Technology in Education: While computers are found in an increasing number of schools, and students themselves report increasing familiarity with the Internet, the majority of teachers in a 2001 survey report low levels of Internet usage. Nearly 87 percent of teachers surveyed said they were acquainted with the Internet, but only 40 percent used the Internet 30 minutes or more daily for educational purposes, according to NetDay, a nonprofit education group that assists teachers with technology.

Although elementary and secondary educators continue to put the main classroom emphasis on textbooks for student reading, technology experts see an upsurge in school Internet use since 1993. Many schools maintain a Web site; according to Web66, an international registry of schools at the University of Minnesota, nearly 9,000 elementary and secondary schools had Web sites in April 2001.

Outside the schools, thanks to home and library computers, 45 percent of America's 30 million children have access to the Internet, according to a Pew Internet & American Life Project study released in February 2001. Almost three-quarters of teens aged 12 to 17 can access the Internet, while fewer than 1 in 3 beneath the age of 12 can do so.

Mathematics & Science Teaching: The National Science Foundation takes a visible role in stressing reforms and accomplishments in U.S. schools from kindergarten through graduate education. NSF's Division of Elementary, Secondary, and Informal Education provides one of the best sources for K-12 grant opportunities and general information on science education for teachers.

Science and math education have been priorities of numerous presidential administrations, but while there has been slow progress over time, in the late twentieth century the issue acquired more urgency. In spite of administration concerns, U.S. student performances overall continued at disappointing levels on national tests, according to the National Center for Education Statistics, although the NCES stresses that some U.S. youngsters do post scores equal to those of any other nation.

The NSF released scores comparing eighth graders from 38 nations and comparing their scores to similar testing conducted when they were in the fourth grade. American eighth graders had dropped measurably in scores in that four-year period, a tendency that a NSF spokesperson said might be attributed to more middle school math and science classes being staffed by teachers who were non-majors in those subjects. Overall, U.S. youngsters scored only about average on the tests, which is significantly behind the scores in Japan and Korea. They also did not keep up with gains in test scores over a four-year period exhibited by students from Canada.

In 2000, the Science and Math Teaching for the Twenty-First Century Report, also called the Sen. John Glenn Commission Report, offered strategies for improving educational performance of math and science students. In addition, as had his predecessor Bill Clinton, President George W. Bush announced in 2001 that accomplishing gains in science and math testing would be a priority of his administration. His administration recommended annual testing in state-approved math and science exams every year for students in the fourth through eighth grades.

Students with Disabilities: In 1968, the Handicapped Children's Early Education Program started as a pilot program to provide quality special education and other services to disabled children from birth through the third grade. Congress saw a need for providing families with these early intervention programs to assist children with disabilities and to provide their caregivers with information specific to their educational needs. The program began with 24 demonstration projects in 1968. Over the years, the program was greatly expanded to include model outreach projects, early intervention research disbursement, experimental projects, and in-service training projects, among other innovations. In 1990 the organization changed its name to the Early Education Program for Children with Disabilities (EEPCD).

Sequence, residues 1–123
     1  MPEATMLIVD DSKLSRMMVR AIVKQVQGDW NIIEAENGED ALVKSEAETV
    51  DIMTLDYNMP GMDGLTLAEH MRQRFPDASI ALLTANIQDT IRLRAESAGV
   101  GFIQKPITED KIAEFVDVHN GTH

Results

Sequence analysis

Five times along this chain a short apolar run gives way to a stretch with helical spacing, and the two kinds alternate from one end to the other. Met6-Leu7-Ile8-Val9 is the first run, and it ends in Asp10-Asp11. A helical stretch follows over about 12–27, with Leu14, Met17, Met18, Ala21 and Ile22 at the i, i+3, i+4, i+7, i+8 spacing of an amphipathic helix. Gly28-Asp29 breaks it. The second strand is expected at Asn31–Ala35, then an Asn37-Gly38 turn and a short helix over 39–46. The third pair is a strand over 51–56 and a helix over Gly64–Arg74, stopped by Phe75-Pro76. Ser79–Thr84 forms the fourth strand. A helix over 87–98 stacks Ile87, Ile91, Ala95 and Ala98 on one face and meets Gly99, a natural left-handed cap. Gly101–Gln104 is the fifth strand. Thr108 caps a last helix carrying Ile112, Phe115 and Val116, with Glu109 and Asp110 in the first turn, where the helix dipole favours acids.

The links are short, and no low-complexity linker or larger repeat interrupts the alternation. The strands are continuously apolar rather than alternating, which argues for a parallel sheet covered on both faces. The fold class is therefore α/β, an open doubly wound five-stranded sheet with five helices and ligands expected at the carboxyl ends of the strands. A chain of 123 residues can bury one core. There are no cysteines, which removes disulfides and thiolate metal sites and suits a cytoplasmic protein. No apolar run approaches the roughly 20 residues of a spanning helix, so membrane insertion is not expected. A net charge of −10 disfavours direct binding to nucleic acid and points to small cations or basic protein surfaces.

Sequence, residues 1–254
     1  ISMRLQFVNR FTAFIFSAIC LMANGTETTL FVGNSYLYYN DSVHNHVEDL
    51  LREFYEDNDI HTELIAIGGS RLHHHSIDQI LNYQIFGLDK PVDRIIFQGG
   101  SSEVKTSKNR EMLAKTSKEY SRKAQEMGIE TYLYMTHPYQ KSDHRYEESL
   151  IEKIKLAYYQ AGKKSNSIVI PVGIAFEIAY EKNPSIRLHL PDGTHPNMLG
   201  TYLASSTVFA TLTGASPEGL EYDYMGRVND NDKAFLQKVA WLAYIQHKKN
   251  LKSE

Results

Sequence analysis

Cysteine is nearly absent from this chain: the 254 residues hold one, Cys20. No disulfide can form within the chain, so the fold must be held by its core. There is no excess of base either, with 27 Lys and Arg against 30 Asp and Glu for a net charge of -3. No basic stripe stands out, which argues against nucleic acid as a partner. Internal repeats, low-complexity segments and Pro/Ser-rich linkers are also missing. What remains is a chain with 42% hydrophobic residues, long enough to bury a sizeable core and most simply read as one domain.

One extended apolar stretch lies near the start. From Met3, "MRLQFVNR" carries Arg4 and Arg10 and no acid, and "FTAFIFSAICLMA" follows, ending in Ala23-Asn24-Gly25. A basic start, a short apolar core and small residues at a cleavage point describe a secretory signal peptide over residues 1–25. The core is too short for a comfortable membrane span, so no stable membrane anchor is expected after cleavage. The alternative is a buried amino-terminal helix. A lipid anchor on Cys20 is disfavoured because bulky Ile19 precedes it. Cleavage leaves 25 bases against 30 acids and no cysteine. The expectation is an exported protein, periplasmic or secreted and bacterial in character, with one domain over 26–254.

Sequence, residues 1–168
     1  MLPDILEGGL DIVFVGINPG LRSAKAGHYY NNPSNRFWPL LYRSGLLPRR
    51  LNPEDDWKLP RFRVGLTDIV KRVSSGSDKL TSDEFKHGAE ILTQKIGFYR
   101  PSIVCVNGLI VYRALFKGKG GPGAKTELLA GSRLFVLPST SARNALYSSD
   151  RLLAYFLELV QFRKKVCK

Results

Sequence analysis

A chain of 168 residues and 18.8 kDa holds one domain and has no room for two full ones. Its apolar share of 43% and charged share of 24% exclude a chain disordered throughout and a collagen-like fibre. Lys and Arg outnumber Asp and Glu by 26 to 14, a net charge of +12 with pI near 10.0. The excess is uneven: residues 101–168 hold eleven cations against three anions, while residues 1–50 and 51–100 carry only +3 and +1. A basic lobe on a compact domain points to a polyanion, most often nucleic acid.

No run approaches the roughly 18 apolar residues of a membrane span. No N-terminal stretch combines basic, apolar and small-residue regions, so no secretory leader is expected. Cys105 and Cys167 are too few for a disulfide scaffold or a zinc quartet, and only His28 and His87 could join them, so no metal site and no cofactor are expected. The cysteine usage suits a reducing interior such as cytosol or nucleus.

Since 1997 and the passage of a number of federal amendments, including the Amendments to Individuals with Disabilities Education Act (IDEA) in 1997, EEPCD has not been a freestanding program. The Individuals with Disabilities Education Act Amendments of 1997 meant a significant expansion in educational opportunities and services for disabled children. With its strong emphasis on learning, the program expressed the expectation that disabled children could receive an education with results that would become apparent in a meaningful way after schooling ended.

Since 1980, the number of students enrolled in programs for disabled children has slowly grown. About 10 percent of the school population fell under the category of disabled during the 1980-1981 school year, according to government figures. That number increased to 13 percent during the 1997-1998 school year. The fastest growing area is that segment of the population termed learning disabled. The population of learning disabled children was only four percent in 1980-1981, but it had risen two points to six percent in 1997-1998.

Curriculum & Educational Reform: The incorporation in 1906 of the Carnegie Foundation for the Advancement of Teaching (founded in 1905 by magnate and philanthropist Andrew Carnegie) is the starting point for curriculum development in the twentieth century. This foundation became integral in the formation of standards and a standardized curriculum for all U.S. schools, as well as eventually providing a structured, unbiased means to assess the quality of educational institutions. The foundation set the standard of a single credit for courses taken in secondary schools, a recommendation met with opposition by critics who believed that certain science, mathematics, and humanities courses have more educational value than some courses perceived to be easier to pass. The NEA further fine-tuned reform when it defined core subjects required for graduation, as well as the minimum number of credits required by a student seeking a diploma (including requirements in mathematics and English).